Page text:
According to a team of geneticists in the U.S. and Switzerland,it all boils down to whats called the female protective model. This suggests that girls have a higher tolerance for harmful genetic mutations and therefore require a larger number ofthem than boys to reach the diagnostic threshold of a developmental disorder. With identical genetic mutations, then, a boy could show symptoms of ASD while a girl could show none.

But because the female mutation threshold is higher, when girls are diagnosed with ASD, they tend to fall on the more severe end of the spectrum.

Researchers believe the same dynamic could explain why more boys are diagnosed withADHD, intellectual disabilities and schizophrenia. The findings were published Thursday in the American Journal of Human Genetics.

Geneticists analyzed DNA samples from 16,000 boys and girls with neurodevelopmental disorders.They found that, on average, females diagnosed with ASD had 1.3 to 3 times more harmful genetic alterations than males diagnosed with the disorder.

The findings suggest that as the male brain develops, smaller and more subtle genetic changes can trigger autism spectrum disorders. Female brains require a greater number or severity of mutations before showing symptoms, so their symptoms tend to be worse.

Theres no application in terms of treatment, said study author Sbastien Jacquemont of University Hospital of Lausanne in Switzerland, but it does help understand the inheritance dynamics in families.

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Genetics May Explain Why Autism Is More Common in Boys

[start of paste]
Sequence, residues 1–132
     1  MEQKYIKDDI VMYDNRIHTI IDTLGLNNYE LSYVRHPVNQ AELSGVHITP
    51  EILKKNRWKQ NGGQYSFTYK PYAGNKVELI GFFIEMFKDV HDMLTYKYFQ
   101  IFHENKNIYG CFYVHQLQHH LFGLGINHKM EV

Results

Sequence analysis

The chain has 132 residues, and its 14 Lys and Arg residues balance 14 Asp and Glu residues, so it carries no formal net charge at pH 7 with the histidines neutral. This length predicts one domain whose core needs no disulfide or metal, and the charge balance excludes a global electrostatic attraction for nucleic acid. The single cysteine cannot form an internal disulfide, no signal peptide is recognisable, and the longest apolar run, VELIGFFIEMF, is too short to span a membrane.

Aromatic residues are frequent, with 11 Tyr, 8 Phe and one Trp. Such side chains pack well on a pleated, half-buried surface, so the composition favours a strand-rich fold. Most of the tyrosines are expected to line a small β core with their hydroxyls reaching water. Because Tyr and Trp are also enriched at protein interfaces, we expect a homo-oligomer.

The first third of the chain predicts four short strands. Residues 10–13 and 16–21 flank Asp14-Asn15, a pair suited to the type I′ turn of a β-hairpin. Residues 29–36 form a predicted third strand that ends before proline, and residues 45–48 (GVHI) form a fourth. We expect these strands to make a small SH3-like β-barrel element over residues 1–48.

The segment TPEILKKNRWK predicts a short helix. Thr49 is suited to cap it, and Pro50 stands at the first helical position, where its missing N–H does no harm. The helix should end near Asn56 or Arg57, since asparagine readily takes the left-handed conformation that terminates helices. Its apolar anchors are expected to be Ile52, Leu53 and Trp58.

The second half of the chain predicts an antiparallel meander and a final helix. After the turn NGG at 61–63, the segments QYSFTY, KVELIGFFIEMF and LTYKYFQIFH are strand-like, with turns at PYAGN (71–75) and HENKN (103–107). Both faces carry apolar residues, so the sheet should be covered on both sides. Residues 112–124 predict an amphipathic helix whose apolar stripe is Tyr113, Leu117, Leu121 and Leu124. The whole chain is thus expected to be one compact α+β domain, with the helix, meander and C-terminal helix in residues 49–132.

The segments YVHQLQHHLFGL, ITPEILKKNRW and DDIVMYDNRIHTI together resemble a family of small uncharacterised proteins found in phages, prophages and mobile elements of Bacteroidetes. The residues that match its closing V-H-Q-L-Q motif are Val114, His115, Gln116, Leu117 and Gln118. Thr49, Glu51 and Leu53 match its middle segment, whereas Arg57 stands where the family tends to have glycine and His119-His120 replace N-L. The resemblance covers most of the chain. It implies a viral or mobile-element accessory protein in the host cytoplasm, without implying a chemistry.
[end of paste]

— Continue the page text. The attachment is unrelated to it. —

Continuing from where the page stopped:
Right Supraspinatus SVF Injection Shoulder | Stem Cell Therapy | Stem Cell Injection – Video


Right Supraspinatus SVF Injection Shoulder | Stem Cell Therapy | Stem Cell Injection
Eterna MD specializes in stem cell therapy and treatment. This particular case stem cells were injected into the right Supraspinatus shoulder through an ultr...

By: Eterna MD Regenerative Medicine

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Right Supraspinatus SVF Injection Shoulder | Stem Cell Therapy | Stem Cell Injection - Video

Paul Niehans cell therapy center – Video


Paul Niehans cell therapy center

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Stem Cell Replacement Therapy for Common Foot Injuries Provides Rapid Healing

New York, New York (PRWEB) February 26, 2014

Adler Footcare of Greater New York is offering an advanced treatment option for chronic foot problems like plantar fasciitis, as well as common foot problems like Osteoarthritis, Achilles tendonitis and torn soft tissue.

In the past these conditions have been treated by physical therapy or orthotic therapy, but the results have often been poor, leaving patients continuing to struggle with the pain. With stem cell replacement therapy, the treatment of these conditions is proving far more effective and long lasting than traditional treatments.

At Adler Footcare we use live birth stem cells which are introduced into the affected area. Stem cells are used by many physicians to treat a broad variety of conditions because of their ability to either replicate themselves, or change into the cell type that is needed to repair the tissue that has been damaged. When a patient comes in for stem cell therapy, the affected area is carefully measured so the stem cells can be delivered directly to the area that needs the treatment.